// TToolTip class
        case B_SOME_APP_ACTIVATED:
        case eToolTipStart:
        case eToolTipStop:

The last step is to replace any BControl objects (BButtons, BColorControl, BSlider, etc.) with the TToolTipControls equivalents. These objects look identical to the base class objects with the exception of taking a tip parameter after all required parameters:

view->AddChild(new TToolTipButton(BRect(10, 44, 90, 44),
    "tool tip button",
    "Quit", new BMessage(B_QUIT_REQUESTED), "Click this
    button to quit"));

view->AddChild(new TToolTipButton(BRect(110, 44, 190, 44),
    "tool tip button",
    "Preferences", new BMessage('PREF'), "Click this
    button to set ToolTip preferences"));

Views other than BControls (BBox, BMenuField, BListView, BView, etc.) can also take advantage of the TToolTip class. To do this you'll need to sub-class the view you're interested in and override the MouseMoved() method. In the constructor of the view, cache the tip string:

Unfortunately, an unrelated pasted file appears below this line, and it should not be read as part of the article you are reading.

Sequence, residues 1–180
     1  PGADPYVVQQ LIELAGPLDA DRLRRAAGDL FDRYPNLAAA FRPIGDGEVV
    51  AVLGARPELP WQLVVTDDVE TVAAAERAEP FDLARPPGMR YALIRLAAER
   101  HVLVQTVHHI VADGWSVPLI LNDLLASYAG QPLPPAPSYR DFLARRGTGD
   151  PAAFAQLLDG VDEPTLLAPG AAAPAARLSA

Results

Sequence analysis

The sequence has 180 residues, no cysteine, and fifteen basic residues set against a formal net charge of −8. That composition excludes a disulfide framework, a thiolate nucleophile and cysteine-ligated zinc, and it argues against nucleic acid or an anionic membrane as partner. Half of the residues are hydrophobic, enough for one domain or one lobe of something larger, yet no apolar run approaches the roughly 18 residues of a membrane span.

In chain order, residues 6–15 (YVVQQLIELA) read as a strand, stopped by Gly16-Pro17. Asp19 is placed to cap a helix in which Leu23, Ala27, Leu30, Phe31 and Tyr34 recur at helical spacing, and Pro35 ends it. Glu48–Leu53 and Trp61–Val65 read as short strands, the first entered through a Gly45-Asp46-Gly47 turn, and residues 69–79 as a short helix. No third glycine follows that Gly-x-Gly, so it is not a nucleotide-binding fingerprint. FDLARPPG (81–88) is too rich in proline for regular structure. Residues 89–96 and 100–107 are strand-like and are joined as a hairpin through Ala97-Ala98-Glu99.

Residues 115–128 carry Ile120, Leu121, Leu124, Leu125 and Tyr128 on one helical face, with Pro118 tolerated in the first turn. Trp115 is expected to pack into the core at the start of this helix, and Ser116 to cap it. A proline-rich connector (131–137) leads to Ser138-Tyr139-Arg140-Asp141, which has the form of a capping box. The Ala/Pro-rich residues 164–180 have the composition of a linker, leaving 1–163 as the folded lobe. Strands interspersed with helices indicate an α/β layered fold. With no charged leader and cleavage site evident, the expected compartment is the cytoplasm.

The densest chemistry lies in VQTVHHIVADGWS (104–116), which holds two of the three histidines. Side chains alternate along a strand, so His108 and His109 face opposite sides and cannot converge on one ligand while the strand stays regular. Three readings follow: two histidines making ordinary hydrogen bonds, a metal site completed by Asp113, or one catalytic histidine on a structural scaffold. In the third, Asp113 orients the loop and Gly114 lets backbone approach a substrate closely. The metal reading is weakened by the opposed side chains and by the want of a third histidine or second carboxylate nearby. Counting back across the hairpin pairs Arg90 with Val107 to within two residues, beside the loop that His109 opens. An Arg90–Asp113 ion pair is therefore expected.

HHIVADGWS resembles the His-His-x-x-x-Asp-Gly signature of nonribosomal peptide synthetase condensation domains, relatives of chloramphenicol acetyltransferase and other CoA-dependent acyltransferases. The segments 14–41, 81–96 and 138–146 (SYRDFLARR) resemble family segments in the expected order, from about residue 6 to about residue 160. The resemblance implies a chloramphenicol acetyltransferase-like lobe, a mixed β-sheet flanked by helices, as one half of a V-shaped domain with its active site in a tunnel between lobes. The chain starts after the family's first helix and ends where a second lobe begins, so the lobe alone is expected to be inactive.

TToolTipButton::TToolTipButton(BRect rect,
    const char *name,
    const char *label,
    BMessage *msg,
    const char *tip,
    uint32 resize_mask,
    uint32 flags)
   :BButton(rect, name, label, msg, resize_mask, flags), fIn(false)
    // cache the ToolTip string
    fTip = (char *)malloc(strlen(tip) + 1);
    strcpy(fTip, tip);

In the view destructor, stop displaying the tip if it's currently being displayed and free the cached tip string:

    // kill off any current ToolTip
    if (fIn)
    // free cached ToolTip